WHEN the Miliband brothers recently spotlighted the concept of working or feuding in political tandem, Barack Obama and Hillary Clinton were cited as bitter rivals who eventually cooperated.
Gordon Brown, in contrast, was accused of splitting the Labour Party by suggesting that political big hitters could not work together although he simply demonstrated that a poisoned chalice destroys onlookers as well as the person drinking it.
A very vicious circle
PAKISTAN’S claim that the terrorist alert in Europe prompted NATO attacks on its troubled Waziristan tribal areas coincided with a report that the Afghanistan government and the Taliban were holding peace talks.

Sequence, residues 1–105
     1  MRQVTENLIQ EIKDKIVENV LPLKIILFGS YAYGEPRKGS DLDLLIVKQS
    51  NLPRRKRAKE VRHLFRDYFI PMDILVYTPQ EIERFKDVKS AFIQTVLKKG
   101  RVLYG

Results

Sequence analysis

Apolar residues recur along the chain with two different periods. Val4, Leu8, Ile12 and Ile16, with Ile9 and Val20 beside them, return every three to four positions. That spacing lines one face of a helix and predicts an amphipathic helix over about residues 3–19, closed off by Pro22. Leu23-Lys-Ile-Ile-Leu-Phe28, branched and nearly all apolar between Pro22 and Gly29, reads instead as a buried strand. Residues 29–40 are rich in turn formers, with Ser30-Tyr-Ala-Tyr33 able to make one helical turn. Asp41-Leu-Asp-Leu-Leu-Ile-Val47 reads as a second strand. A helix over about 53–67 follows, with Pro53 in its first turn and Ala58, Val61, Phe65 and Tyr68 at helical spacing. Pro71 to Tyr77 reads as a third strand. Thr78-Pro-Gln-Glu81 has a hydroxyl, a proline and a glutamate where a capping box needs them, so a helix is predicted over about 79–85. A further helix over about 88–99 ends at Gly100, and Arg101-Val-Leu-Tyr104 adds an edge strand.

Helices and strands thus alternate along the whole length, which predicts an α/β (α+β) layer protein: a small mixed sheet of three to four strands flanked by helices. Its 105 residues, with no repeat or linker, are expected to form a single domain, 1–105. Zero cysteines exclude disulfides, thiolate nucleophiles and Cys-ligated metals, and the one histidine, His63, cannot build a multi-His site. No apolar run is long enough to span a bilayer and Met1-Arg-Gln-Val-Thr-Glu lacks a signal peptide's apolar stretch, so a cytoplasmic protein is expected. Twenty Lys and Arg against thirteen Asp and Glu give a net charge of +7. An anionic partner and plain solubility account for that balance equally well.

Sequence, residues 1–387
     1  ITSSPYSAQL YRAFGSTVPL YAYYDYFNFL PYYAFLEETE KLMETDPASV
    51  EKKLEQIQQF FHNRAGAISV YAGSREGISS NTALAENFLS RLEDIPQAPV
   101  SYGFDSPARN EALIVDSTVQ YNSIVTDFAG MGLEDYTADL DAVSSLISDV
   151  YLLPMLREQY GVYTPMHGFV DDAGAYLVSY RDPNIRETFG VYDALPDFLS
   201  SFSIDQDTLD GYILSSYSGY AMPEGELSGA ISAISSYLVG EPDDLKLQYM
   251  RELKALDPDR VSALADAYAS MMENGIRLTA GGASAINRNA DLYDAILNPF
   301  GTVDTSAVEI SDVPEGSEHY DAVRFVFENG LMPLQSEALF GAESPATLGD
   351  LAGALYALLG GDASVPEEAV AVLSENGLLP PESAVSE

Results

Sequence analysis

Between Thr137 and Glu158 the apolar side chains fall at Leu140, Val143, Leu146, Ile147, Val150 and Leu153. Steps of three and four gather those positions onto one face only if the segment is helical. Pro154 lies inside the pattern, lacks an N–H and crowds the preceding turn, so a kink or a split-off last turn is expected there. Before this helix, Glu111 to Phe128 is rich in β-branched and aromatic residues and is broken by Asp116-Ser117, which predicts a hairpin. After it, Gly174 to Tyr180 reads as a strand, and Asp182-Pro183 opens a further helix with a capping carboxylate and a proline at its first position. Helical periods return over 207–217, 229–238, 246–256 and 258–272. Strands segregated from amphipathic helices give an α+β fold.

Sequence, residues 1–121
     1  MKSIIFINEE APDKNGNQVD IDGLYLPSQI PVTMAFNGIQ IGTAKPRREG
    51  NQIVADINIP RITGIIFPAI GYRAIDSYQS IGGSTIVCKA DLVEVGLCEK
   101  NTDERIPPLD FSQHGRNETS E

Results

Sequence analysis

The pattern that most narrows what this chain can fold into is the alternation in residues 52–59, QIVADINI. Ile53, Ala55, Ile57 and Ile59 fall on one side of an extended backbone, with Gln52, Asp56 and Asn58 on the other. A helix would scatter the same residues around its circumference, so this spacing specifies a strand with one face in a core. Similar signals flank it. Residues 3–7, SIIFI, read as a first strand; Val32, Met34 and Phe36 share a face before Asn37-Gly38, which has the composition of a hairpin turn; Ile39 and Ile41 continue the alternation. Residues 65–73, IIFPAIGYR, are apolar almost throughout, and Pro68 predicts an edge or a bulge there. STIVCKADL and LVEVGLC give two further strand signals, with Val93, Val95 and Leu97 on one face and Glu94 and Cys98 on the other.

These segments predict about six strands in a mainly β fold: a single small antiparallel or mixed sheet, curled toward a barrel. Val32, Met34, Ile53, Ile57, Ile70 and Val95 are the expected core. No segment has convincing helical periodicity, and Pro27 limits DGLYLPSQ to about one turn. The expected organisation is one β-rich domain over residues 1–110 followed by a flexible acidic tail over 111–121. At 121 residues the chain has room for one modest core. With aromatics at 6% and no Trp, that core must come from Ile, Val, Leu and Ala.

NATO’s doomed peacekeeping and reconstruction programme in Afghanistan alienated all of those it was supposed to be helping: had it succeeded neither of these news items would ever have seen the light of day.
Shutting the stable door…
RETIRED American general, Jack Keane, claimed the British were defeated when troops withdrew from Basra in southern Iraq in 2007, exposing the population to “Iranian surrogates who brutalised them, intimidated them, terrorised them.”
Those surrogates were Shia Iraqis – expected beforehand to become Coalition allies – and if America and Britain were ultimately defeated it was because of the former’s woeful misreading of Iraq’s internal tensions.